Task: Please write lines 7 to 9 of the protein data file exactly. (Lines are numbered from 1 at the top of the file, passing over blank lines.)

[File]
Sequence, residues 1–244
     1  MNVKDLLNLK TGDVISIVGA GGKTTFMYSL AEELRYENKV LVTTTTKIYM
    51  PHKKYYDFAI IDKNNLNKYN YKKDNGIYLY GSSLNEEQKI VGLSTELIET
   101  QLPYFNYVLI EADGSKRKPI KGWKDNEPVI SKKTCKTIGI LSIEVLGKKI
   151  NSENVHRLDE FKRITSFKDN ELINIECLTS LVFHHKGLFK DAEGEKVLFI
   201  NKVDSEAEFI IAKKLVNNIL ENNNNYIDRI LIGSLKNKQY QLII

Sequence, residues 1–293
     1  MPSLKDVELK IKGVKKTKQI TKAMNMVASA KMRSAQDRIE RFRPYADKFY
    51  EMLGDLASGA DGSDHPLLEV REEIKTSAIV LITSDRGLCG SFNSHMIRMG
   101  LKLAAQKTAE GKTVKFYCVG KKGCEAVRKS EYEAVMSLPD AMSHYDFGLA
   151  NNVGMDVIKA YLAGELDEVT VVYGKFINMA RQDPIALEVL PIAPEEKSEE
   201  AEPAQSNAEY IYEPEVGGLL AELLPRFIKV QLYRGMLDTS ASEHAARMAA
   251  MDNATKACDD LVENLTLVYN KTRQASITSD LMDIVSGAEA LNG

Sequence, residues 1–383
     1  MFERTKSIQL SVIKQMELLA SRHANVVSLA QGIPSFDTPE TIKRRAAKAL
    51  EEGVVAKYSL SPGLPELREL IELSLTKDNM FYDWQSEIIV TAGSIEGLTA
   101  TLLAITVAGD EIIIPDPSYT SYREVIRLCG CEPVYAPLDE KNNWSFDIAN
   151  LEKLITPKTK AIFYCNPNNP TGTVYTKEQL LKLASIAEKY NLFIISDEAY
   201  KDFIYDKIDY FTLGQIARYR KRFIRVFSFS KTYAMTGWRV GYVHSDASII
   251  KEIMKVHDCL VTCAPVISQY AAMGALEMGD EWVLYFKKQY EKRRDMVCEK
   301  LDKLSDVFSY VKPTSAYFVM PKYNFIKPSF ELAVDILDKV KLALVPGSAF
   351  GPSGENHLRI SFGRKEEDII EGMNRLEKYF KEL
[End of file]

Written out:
Sequence, residues 1–293
     1  MPSLKDVELK IKGVKKTKQI TKAMNMVASA KMRSAQDRIE RFRPYADKFY
    51  EMLGDLASGA DGSDHPLLEV REEIKTSAIV LITSDRGLCG SFNSHMIRMG